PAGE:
The Complete Guide to Computer Aviation
by Steve Smith
MICROPROSE'S F-15 STRIKE EAGLE III AND F-14 FLEET DEFENDER
Color Them "Air Superiority Blue"
After the squadron-bonding camaraderie of flying in formation with sims like Falcon and Strike Commander, it comes as something of a shock to find yourself all alone over enemy territory, flying solo missions in MicroProse's F-15 Strike Eagle III. Also, the mission objective here is altogether different: McDonnell Douglas' F-15E Strike Eagle (sometimes called the "Beagle," a contraction of "Bomber Eagle") is dedicated to the ground-strike role.
Not that the two-seater version of the F-15 can't prevail in a knife fight when the occasion demands: when challenged, an F-15E has only to drop its ordnance to become as deadly and maneuverable as its single-seater sister ship. And not that Eagle III leaves you with nobody to talk to: its strong multiplayer mode makes it easy for the single player to find a soulmate.
Let's examine the program…and the aircraft…in detail.
The origin of the F-15 is mired in politics and misunderstanding. Up until the McDonnell F-4 Phantom, the Air Force (and, earlier, the Army Air Corps) and the Navy had each insisted on having its own aircraft types. The F-4 was originally developed for the Navy for fleet defense, as a kind of combination AWACS (Airborne Warning and Control Systems; an electronic "eye in the sky") and weapons platform to launch BVR (Beyond Visual Range) missiles at any strategic threat that got within forty miles of the carriers—which themselves would be free to go about their business of launching and recovering lesser aircraft to do the dirty work of sinking ships or dogfighting or supporting Marine landings or whatever.
As it turned out, the F-4 was a great airplane—certainly the best fighter-bomber since World War II—and when the Air Force got caught out in Vietnam, the Phantom was pressed into service as an air-superiority fighter. (It was also flown by the Marines; the only aircraft ever to fly for all three services.) The Air Force was unprepared for Vietnam because it never got around to designating a suitable successor for North American's Korean-era F-86 Sabrejet and F-100 Super Sabre. Northrop's spunky F-5 Tiger was deemed too dinky for the role of air-superiority fighter, and the Air Force never thought enough of Lockheed's F-104 Starfighter to buy many of them for its own use (although we sold hundreds of them to our allies).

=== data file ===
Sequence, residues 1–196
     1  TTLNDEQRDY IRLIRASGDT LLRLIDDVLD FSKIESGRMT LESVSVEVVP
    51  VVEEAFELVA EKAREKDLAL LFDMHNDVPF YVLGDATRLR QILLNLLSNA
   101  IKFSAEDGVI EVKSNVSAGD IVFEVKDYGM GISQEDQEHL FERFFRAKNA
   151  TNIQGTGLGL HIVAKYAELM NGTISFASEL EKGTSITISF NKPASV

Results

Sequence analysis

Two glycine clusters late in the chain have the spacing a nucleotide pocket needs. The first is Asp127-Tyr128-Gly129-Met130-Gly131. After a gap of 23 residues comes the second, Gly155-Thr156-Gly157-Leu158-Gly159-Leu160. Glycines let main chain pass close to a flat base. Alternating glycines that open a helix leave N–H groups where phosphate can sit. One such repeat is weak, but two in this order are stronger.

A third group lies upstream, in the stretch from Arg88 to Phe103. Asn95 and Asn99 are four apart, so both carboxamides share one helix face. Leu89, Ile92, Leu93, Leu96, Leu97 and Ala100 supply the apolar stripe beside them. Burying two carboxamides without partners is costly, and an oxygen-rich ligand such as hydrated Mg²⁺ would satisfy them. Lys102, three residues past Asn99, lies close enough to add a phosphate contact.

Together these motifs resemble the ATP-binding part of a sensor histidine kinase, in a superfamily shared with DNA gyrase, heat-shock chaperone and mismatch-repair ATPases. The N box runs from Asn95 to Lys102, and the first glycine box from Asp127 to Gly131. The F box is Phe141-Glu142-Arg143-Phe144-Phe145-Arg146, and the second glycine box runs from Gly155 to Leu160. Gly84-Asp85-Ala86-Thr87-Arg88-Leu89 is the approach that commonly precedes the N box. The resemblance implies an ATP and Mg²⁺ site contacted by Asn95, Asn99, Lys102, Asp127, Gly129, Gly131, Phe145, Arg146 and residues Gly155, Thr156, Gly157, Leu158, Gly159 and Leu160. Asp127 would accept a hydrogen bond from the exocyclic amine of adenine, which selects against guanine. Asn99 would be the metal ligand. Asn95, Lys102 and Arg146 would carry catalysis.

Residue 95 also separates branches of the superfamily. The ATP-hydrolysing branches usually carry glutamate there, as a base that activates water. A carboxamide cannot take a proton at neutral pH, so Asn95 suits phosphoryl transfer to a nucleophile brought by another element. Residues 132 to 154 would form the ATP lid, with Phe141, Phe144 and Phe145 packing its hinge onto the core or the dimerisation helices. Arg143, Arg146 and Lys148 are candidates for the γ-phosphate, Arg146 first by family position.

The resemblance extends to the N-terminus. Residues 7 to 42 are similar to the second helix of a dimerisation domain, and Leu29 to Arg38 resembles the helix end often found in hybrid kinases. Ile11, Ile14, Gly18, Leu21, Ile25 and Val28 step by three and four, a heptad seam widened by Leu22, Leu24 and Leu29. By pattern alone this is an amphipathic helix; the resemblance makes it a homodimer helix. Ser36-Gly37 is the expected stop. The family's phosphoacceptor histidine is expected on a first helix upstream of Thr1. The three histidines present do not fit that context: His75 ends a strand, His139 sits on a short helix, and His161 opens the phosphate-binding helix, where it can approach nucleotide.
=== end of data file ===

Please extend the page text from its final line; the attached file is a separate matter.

Then along came Robert McNamara, JFK's secretary of defense, who aggressively pursued a "one size fits all" philosophy, which resulted in the much-abhorred General Dynamics F-111 Aardvark's being rammed down the throats of the Air Force and the Navy. (The Navy coughed it back up; the F-111 has since acquitted itself well in Air Force hands, most notably in the Libyan Raid during the Reagan era.) Fed up, the Air Force not only demanded its own fighter—subsequently the F-15—but also made a fuss about trying to foist a variant—the F-15N—off on the Navy. The Navy turned up its nose and commissioned Grumann's F-14 Tomcat instead.
With me so far? Good. Congress turned a deaf ear to the Air Force's demands until one fateful day in the summer of 1967 when the Russians rolled out the MiG-25 (NATO name: Foxbat) on the tarmac at Domodedovo, near Moscow. In a truly ingenious disinformation campaign, the Air Force insisted the MiG-25 was Russia's air-superiority fighter. On paper, the Foxbat looked formidable: a cruise speed of Mach 2.5+ at an altitude of over 80,000 feet. The evil-looking MiG was so scary that Clint Eastwood even made a movie about hijacking one for the Air Force to dissect. Congress soon caved in and appropriated funds; suddenly the F-15 program was a go.
(The Air Force knew better. The MiG-25 was in fact a reaction to a cancelled USAF bomber: the XB-70 Valkyrie of the early 1960s, one of the most fantastic planes ever designed—it's still years ahead of its time. Against the Valkyrie's Mach 3.0 capability at 100,000 feet, the Russians would have been defenseless. When the XB-70 was abandoned, the Russians persisted with the MiG-25, both as a reconnaissance aircraft and as the only weapon in Moscow's arsenal with a hope of shooting down an even more unbelievable plane, Lockheed's medieval science-fiction masterpiece, the SR-71 Blackbird.)
Grumann F-14 Tomcat